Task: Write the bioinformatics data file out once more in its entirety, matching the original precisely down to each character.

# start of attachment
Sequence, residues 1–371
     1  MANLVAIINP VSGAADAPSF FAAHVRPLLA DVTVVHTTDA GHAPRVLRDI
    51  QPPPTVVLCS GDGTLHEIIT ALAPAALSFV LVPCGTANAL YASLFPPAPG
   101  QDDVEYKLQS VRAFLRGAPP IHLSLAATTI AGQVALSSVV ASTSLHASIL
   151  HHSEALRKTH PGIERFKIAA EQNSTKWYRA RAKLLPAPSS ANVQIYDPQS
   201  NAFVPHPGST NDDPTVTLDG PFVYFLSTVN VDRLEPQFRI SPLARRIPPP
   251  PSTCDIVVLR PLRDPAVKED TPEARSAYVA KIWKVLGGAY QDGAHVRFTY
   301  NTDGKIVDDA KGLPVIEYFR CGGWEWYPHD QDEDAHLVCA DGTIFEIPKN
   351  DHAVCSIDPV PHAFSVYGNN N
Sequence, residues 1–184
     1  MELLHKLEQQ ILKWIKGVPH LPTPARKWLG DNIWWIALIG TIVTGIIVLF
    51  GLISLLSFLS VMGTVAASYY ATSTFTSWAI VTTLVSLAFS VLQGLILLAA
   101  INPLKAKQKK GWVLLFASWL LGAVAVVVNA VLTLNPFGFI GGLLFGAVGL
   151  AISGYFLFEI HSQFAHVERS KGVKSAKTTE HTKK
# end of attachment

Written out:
Sequence, residues 1–371
     1  MANLVAIINP VSGAADAPSF FAAHVRPLLA DVTVVHTTDA GHAPRVLRDI
    51  QPPPTVVLCS GDGTLHEIIT ALAPAALSFV LVPCGTANAL YASLFPPAPG
   101  QDDVEYKLQS VRAFLRGAPP IHLSLAATTI AGQVALSSVV ASTSLHASIL
   151  HHSEALRKTH PGIERFKIAA EQNSTKWYRA RAKLLPAPSS ANVQIYDPQS
   201  NAFVPHPGST NDDPTVTLDG PFVYFLSTVN VDRLEPQFRI SPLARRIPPP
   251  PSTCDIVVLR PLRDPAVKED TPEARSAYVA KIWKVLGGAY QDGAHVRFTY
   301  NTDGKIVDDA KGLPVIEYFR CGGWEWYPHD QDEDAHLVCA DGTIFEIPKN
   351  DHAVCSIDPV PHAFSVYGNN N
Sequence, residues 1–184
     1  MELLHKLEQQ ILKWIKGVPH LPTPARKWLG DNIWWIALIG TIVTGIIVLF
    51  GLISLLSFLS VMGTVAASYY ATSTFTSWAI VTTLVSLAFS VLQGLILLAA
   101  INPLKAKQKK GWVLLFASWL LGAVAVVVNA VLTLNPFGFI GGLLFGAVGL
   151  AISGYFLFEI HSQFAHVERS KGVKSAKTTE HTKK